Long lost fibre project finally announces next step – AfDB will fund Algiers-Abuja stretch of Niger-Chad fibre link
Before Nigeria was connected by five international seaboard fibre cables, the project that was hovering in the background was an Algiers to Nigeria link. Just when it seemed that it had joined a long list of failed fibre projects, the African Development Bank has agreed to fund a key part of the route. Russell Southwood assesses the chances of the project seeing the light of day.
The announcement of AfDB funding for Algerian border to Abuja part of the link came from Algeria's ICT Minister Iman Houda Feraoun. He said in his announcement that the bank has agreed in principle to finance the link. Algeria Telecom has laid the fibre from Algiers to a border town called Guezzem that is on the road route to the Niger border town of Assamaka. The project has cost Algeria US$45 million so far so it is understandably keen to see it completed.
Both Chad and Niger have suspended their side of the project for financial reasons. Neither of the two former incumbent telcos has an established record in building large fibre projects of this kind.
There is some confusion in the press reports of the decision as to whether the route will go to Chad or to Abuja, although in commercial terms the latter would be the obvious choice. However, it would then be possible to put in a branch section to Chad’s capital Ndjamena.
The project is a ghost from the past as it started life as one of several grand schemes of the now almost forgotten New Partnership for Africa's Development (NEPAD). The intention was to offer inland countries access to an international fibre cable.
So what are the chances of this cable link finally being built? There are three hurdles that will need to be overcome if the project is to stand any chance of completion.
The first hurdle is that the AfDB will require those who will build the routes to demonstrate its viability through a feasibility process. Athough it may involve the telco incumbents in Chad and Niger, the money for the study will be to the Government of those two countries or to some regional body (perhaps ECOWAS or the African Union) to act as a disinterested party. Either way, this will be a slow process that might even take as long as 18 months to two years.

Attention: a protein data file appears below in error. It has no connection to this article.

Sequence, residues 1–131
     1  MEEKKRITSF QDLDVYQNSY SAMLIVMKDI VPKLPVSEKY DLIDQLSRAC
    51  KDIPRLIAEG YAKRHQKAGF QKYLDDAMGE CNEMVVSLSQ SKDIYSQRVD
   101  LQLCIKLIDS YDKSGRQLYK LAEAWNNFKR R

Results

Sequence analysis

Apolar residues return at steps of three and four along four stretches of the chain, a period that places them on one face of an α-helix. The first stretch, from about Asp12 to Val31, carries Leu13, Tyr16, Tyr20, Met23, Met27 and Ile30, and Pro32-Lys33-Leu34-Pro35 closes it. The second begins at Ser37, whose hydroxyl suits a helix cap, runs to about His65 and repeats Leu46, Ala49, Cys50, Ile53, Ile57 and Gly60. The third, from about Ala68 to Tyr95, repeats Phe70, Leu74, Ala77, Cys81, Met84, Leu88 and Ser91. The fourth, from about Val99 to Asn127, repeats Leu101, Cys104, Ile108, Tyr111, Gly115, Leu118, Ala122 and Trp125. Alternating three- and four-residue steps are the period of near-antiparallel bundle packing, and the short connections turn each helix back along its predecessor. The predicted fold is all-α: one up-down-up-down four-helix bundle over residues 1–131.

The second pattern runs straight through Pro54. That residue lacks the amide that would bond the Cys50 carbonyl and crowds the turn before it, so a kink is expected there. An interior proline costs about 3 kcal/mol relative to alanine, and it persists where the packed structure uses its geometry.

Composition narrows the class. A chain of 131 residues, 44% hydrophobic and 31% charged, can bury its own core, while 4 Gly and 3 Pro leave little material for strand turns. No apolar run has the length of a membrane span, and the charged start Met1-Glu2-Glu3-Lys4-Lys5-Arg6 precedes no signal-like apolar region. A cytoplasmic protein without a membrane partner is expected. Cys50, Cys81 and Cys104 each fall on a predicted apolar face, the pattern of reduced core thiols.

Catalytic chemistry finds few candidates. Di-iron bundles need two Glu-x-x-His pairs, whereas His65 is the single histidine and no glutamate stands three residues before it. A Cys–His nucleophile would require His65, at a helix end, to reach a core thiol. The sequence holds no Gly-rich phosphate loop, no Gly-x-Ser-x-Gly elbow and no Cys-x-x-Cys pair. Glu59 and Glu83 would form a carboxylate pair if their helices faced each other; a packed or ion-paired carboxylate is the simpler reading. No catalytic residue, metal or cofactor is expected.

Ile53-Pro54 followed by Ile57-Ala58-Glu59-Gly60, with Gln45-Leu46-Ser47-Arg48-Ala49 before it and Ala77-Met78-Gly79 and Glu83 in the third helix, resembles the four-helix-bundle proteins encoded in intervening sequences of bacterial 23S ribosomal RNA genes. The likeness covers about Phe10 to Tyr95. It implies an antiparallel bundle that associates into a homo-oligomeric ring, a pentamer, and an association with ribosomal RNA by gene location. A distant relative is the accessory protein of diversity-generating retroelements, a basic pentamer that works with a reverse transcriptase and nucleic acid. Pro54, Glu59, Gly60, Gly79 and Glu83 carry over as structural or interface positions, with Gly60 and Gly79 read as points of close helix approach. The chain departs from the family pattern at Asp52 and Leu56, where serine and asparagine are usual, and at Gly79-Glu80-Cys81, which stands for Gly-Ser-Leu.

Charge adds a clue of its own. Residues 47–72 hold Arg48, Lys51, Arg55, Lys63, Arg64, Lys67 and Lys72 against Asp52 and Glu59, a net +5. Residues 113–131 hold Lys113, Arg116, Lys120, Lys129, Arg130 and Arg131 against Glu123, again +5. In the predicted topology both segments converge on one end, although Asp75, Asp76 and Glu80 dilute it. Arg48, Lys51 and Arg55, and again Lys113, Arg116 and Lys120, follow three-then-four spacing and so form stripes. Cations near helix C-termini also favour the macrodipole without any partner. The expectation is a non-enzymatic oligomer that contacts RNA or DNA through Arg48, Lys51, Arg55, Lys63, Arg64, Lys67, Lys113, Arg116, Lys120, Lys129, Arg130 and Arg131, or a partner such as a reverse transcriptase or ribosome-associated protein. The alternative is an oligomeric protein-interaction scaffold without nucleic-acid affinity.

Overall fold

The second hurdle is that it is one thing to join fibre networks on a map but quite another thing to turn those connections into a viable business. The attractions of joining things up are obvious: at first sight, the capitals of the three countries are relatively close in terms of the huge distances between countries in Africa. But the physical connections are only part of the problem.
Both Chad (via Cameroon) and Niger (via Benin) already have fibre connections. However, the link for the latter has reliability issues. A redundant cable would be useful but the traffic in both country markets is tiny.
Since the project was first mooted the incumbent Nitel, originally conceived of as the project partner, went bankrupt and has now been revived as NTel. However, there are several networks that go up close to the border and connect to Abuja.
The key issue will be competitive pricing on an overland route. It was always more expensive to send an mpbs from Lagos to Abuja than it was to send it from Lagos to London. Although both sets of prices have fallen considerably, it still remains more expensive on the Lagos-Abuja route. More challengingly for any new cable, the price Lagos to London is now sub-US$100 per mbps.
So the overland route would have to find some way of matching the Abuja-London price via any one of the five seaboard cables in operation: NTel has recently reinstated the SAT3 cable. Competitive pricing will have to be achieved by transiting at least two countries where the transit party is an old-fashioned telco incumbent.
It would seem the chances of matching the Abuja-London seaboard rate would be low. But surely I hear you protest that the prices on overland route will be driven by the competitive reality of that Abuja-London alternative route?
The case of Chad illustrates the difficulties posed by the parallel reality that state telcos operate in. The Ndjamena-Doula fibre route took a considerable period of time to open because the two state incumbents could not agree the price for each country leg. Worse still, at first Chad gave the contract for the international cable to an investor who happened to be involved in a construction project in the country. This arrangement was later unwound.
The third hurdle is the combination of the security situation along parts of the route and the ability of whoever operates the route to keep it maintained. The obvious route out of Niger is via the border town at Katsina. But from there, the route to Ndjamena is either through territory where Boko Haram along the road to Maiduguri or to take a branch via Zinder to Lake Chad and then cross the Lake underwater to Ndjamena. Both pose enormous physical challenges, let alone security challenges.
Finally, operators with fibre networks in the North already have enormous problems maintaining their networks so reliability (compared to the seaboard route) will be an issue. So there is some way to go between this “in principle” funding announcement and the cable actually being built.
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